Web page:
These days I'm having trouble writing. Sure, I can write about four kinds of chicken for work and a matching number of cheesecakes and get it all done by 5, but I can't just write. Nothing seems important, yet everything feels too sensitive.
Driving home from Birmingham yesterday I was thinking of a few moments I wanted to remember from the past few weeks, and now I can't think of them to write down. I'm forgetting.
Just now I turned on the TV, background noise for my chicken and cheesecake programming, and landed on, first, the SC governor's press conference (negative) and then I Dream of Jeannie on TV Land. Suddenly, tears were in my eyes. When I was in high school, Dad and I watched TV Land at night, and he loved the foibles of Major Nelson and Jeannie. Or maybe he didn't, but knew I'd watch with him and maybe stay for I Love Lucy, which came on right after.
Right now, life is hard. I feel totally robbed of my joy, an overdramatic and overarching statement that I know means I'm letting my joy go willingly, but it's true. I'm sad and upset and I don't know when it's ok to be those things and when it isn't. B's aunt sent me a book about grieving and it says it's ok to tell people when days are hard, that we've lessened grieving from what was once a year-long commitment of memory and celebration of a loved one's life to a neat-and-tidy three day event of death, visitation, and funeral. The odd thing is that the family plans those things, so those three days weren't spent grieving, but more planning and arranging. The fact is that my to-do list during those days looked heartbreakingly similar to the one that remains on my calendar from before the wedding. It's enough to make you want to sit shiva.
I'm torn. So much of me wants people to move on and not give me that look of pity or, worse, fear, as if losing a parent could be catching, but another part of me just wants to stand in the middle of a crowded room and scream that the world shouldn't go on like nothing has changed because for me, everything has.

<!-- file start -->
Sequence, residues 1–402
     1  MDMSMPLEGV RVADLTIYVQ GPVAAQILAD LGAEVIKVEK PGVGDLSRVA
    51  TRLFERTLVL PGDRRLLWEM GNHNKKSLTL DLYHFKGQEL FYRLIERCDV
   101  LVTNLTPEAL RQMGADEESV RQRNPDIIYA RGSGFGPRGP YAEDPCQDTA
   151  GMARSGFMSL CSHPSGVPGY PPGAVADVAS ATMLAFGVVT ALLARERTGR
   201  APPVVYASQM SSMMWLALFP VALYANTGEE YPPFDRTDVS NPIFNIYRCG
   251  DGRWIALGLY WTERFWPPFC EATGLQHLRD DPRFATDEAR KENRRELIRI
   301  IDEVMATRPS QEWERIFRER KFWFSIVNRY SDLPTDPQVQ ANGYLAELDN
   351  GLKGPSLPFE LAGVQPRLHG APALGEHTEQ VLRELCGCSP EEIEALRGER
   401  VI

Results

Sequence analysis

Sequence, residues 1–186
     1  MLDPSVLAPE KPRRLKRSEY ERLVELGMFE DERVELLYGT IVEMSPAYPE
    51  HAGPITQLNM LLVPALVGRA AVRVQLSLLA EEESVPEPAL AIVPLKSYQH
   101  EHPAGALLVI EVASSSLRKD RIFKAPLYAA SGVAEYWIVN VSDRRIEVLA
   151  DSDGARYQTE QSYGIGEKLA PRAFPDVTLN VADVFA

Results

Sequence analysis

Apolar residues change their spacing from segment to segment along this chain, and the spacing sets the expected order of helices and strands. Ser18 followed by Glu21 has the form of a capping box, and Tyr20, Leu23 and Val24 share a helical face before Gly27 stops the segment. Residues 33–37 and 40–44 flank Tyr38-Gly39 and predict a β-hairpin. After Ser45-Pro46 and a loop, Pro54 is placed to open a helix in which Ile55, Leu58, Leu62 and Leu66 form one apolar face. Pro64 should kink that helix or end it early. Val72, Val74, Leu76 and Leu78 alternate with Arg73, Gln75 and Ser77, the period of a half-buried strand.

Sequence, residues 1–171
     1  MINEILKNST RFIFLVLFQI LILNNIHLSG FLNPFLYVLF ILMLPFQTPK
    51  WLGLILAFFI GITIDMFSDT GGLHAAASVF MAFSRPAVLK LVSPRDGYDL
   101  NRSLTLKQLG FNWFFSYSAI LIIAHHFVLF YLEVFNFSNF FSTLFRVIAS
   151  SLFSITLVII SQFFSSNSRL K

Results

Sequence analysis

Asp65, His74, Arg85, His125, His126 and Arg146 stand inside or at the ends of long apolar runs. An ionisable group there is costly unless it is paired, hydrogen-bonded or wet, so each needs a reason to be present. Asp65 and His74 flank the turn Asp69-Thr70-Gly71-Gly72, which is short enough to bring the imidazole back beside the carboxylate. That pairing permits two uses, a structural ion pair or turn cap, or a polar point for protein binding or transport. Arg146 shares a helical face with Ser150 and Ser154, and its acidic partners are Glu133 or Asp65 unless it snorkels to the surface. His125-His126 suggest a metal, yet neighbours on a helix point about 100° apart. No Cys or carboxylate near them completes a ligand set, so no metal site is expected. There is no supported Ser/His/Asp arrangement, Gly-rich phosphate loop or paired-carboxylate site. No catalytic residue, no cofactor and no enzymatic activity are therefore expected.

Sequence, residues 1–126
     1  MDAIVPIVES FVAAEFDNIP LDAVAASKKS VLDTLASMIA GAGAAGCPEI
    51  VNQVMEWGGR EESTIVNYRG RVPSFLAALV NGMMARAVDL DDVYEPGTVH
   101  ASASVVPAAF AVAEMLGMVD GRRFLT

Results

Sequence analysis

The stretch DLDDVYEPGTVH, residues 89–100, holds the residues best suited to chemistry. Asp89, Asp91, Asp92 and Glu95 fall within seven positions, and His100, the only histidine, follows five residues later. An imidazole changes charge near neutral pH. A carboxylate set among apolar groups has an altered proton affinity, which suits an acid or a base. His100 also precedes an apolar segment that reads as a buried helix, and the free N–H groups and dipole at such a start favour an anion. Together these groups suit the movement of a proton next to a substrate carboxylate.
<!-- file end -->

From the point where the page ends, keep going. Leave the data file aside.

It's hard to find the motivation to move forward, to see the importance in once everyday tasks. I see now why people get puppies and rejoice in babies during times like these-- they need you. You have to get up and care for them. The next thing is no long optional. They're helpless. It may be a band aid, but you can redirect some of your angst and worries, setting it aside for the time being, because someone needs a walk, someone needs a bottle, and someone needs bedtime prayers.
I hate not remembering what I want to put on here, this place that is my memory in these vast days of thoughtlessness. Already it's fading.
I want so badly to write of happy things, but feel like I'd be cheating them right now. I'm not the girl that's upset that her post-wedding bliss was interrupted by something, but I am the girl that desperately wants to both grieve and rejoice with a whole heart, an impossible task when one's heart isn't whole the begin with.
I started reading The Red Tent, and got to a passage today where a woman's husband was murdered at the same time as the girl's father-in-law and, for the first time reading a book, I felt her pain and longed for the days of the Old Testament where you could simply lose yourself in your grief and not be considered insane but rather mournful.
The hardest thing, for me, is knowing how to respond to people. I feel as though I make them uncomfortable, those who read my cries here or know my heart, so I joke to relieve the tension and release them from their worried gazes. The truth is that I have no idea what I need or how to feel better, or if I even want to yet.
Tomorrow we're sorting out Dad's estate and will with the lawyers. I want so badly to be helpful, even if it's simply being there to keep Mom's spirits up, but I fear that I'll end up in a puddle of quiet tears with looks shooting over my head forgiving me for being the youngest one in the family.
B offered to come with me, but I know he needs to be in the office, especially because they're at trial this week. The truth is, I may need those hours alone in the car to get the tears out, whether before or after the meeting. Besides, he's always good for a hug, so I know he'll take good care of me when I get home.
For now, I sit in my home office sniffling at the credits of I Dream of Jeannie and remembering Dad and his love of TV Land. He always told me these shows were too recent to be on there. Now that they're showing The Cosby Show and Full House, I totally agree. I miss you, Dad.